The UK government, specifically, has been demanding more detailed GHG emissions data from its cloud provider partners since 2018, as detailed in the Department for Environment, Food and Rural Affairs’ (Defra) Greening government ICT: Sustainable technology annual report, published in October 2019.

As stated in the 2022 version of the report, “all hosting suppliers, including cloud, [have been] formally asked to provide energy consumption/carbon data relating to the services [government departments] are consuming,” and Computer Weekly understands that AWS continues to hold out on providing its UK government clients with Scope 3 data.

“UK government have been trying for four years to get Amazon to give them the data they need, but they can’t get anything out of them,” said Butcher.

“I have big enterprise clients, some of them spending billions a year on cloud, that are getting increasingly impatient at not getting anything out of [AWS] as a result,” he said. “The biggest challenge is that most of these [enterprises] want to make better decisions and reduce their emissions, but they can’t because they can’t get the data from Amazon.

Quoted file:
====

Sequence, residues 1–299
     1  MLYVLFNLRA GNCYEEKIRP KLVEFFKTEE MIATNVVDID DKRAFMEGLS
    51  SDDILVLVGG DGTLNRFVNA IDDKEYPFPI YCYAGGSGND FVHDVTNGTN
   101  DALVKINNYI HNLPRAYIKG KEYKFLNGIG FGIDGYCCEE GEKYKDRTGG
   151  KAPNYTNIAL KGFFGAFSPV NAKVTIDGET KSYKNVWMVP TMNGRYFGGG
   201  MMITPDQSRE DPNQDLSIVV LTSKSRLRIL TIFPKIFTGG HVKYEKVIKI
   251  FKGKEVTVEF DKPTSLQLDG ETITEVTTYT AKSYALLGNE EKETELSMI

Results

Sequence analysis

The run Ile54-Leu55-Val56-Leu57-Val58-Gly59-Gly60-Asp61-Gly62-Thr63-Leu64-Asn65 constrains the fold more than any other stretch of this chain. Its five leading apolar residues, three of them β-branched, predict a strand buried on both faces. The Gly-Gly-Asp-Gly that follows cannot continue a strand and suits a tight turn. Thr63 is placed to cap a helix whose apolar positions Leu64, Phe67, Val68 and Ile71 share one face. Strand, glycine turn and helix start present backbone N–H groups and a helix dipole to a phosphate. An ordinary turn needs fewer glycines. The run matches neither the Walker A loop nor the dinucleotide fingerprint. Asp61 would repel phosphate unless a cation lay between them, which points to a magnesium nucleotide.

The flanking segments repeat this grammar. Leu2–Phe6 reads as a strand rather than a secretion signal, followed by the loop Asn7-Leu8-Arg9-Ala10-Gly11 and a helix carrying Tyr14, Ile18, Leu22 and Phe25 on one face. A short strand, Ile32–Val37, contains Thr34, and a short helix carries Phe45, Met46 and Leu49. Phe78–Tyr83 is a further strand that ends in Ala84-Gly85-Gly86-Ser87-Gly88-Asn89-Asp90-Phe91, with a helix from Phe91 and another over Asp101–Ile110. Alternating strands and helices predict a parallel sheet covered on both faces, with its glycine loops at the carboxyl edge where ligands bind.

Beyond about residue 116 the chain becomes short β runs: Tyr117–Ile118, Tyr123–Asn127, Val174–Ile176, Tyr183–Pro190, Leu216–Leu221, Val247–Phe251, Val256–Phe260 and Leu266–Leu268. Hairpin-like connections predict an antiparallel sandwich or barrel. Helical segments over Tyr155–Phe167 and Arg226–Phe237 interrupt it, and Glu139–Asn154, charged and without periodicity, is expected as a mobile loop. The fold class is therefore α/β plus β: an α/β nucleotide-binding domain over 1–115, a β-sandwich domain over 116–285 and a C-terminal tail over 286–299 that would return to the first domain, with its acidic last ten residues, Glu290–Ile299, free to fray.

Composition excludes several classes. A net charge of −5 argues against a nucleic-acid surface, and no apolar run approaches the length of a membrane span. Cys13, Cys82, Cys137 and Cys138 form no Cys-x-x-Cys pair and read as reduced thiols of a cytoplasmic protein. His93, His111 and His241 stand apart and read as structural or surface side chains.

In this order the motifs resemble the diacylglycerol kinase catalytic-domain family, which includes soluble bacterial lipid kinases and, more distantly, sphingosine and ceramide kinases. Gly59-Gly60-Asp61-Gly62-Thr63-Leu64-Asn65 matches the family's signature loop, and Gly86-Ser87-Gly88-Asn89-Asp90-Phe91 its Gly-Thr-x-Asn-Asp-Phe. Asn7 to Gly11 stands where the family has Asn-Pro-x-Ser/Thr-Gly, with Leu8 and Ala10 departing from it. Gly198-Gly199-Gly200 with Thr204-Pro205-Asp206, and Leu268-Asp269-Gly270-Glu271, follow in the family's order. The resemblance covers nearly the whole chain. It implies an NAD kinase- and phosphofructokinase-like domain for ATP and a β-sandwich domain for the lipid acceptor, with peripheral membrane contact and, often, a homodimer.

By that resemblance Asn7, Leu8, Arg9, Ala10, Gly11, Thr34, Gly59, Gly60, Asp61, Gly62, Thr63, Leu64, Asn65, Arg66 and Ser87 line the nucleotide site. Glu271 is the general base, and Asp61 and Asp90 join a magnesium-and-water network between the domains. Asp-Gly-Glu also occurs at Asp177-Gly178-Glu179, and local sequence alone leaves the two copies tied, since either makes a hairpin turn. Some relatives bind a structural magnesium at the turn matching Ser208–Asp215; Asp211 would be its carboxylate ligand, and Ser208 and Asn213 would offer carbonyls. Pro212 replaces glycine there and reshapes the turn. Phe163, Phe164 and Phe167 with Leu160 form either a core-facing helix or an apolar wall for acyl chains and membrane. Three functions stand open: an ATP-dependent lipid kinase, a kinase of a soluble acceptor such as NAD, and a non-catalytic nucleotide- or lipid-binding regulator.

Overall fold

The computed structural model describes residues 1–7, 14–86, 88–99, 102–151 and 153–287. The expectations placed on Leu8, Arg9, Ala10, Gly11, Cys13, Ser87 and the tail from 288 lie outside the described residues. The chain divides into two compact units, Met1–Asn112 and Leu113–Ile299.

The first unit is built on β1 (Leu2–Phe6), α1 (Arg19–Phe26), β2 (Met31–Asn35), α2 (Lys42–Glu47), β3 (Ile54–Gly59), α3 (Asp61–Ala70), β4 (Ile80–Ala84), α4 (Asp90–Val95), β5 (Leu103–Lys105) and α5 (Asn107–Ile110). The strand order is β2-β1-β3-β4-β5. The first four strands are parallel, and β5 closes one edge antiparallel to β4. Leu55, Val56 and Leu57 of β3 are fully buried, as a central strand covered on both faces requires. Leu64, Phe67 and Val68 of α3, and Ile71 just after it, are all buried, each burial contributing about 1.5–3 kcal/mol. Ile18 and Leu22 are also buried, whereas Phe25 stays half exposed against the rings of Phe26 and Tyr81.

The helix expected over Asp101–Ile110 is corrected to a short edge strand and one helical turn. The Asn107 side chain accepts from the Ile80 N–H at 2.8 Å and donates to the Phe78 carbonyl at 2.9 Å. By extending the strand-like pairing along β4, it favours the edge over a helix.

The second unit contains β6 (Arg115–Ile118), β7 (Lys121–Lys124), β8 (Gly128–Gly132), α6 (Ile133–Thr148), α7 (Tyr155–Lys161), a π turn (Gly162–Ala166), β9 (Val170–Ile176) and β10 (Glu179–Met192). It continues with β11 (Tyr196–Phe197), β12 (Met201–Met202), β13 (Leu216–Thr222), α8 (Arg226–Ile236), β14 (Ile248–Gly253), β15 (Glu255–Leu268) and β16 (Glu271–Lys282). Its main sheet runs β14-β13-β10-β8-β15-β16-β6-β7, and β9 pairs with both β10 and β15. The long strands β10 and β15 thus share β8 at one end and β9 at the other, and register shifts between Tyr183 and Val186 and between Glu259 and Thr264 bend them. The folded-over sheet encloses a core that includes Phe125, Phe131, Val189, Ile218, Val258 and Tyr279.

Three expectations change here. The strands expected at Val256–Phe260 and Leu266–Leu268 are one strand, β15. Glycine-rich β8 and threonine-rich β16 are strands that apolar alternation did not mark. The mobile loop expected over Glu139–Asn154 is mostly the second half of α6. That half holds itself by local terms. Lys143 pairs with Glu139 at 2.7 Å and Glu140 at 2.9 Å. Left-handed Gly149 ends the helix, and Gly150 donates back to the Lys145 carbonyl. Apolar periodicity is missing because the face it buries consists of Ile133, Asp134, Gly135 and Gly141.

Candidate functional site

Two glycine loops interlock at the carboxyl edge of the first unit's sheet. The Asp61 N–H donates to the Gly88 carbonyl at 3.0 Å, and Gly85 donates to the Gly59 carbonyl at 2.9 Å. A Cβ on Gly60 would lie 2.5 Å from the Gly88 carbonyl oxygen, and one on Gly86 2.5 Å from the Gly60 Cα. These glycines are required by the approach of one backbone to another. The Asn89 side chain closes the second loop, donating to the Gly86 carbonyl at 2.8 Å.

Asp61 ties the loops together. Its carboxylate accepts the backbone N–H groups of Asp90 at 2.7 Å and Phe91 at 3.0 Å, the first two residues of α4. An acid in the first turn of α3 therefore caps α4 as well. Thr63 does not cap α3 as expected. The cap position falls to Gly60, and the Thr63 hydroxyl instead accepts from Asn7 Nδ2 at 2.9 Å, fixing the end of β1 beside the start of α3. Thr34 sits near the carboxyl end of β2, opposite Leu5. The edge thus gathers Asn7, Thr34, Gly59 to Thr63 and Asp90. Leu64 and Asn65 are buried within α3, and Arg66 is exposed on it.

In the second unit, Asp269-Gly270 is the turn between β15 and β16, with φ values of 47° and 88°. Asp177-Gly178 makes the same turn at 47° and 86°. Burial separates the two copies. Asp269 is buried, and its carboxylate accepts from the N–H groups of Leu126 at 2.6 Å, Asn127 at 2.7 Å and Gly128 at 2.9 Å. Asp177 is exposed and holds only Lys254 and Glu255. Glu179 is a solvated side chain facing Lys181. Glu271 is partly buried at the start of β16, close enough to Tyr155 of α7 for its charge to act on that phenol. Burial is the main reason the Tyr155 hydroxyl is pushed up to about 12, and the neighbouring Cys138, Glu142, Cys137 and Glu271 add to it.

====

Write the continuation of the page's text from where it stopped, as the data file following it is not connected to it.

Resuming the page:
“And it’s a big problem because if you can’t make fact-based decisions [about your sustainability strategy], you can’t make improvements and you can’t measure the improvement either. It’s a mess.”

Why don’t AWS cloud customers vote with their feet and leave?

If AWS users are not getting access to the data they need and are fearful of falling foul of regulators, it is logical to question why its customers do not consider jumping ship to Microsoft or Google’s public cloud platforms.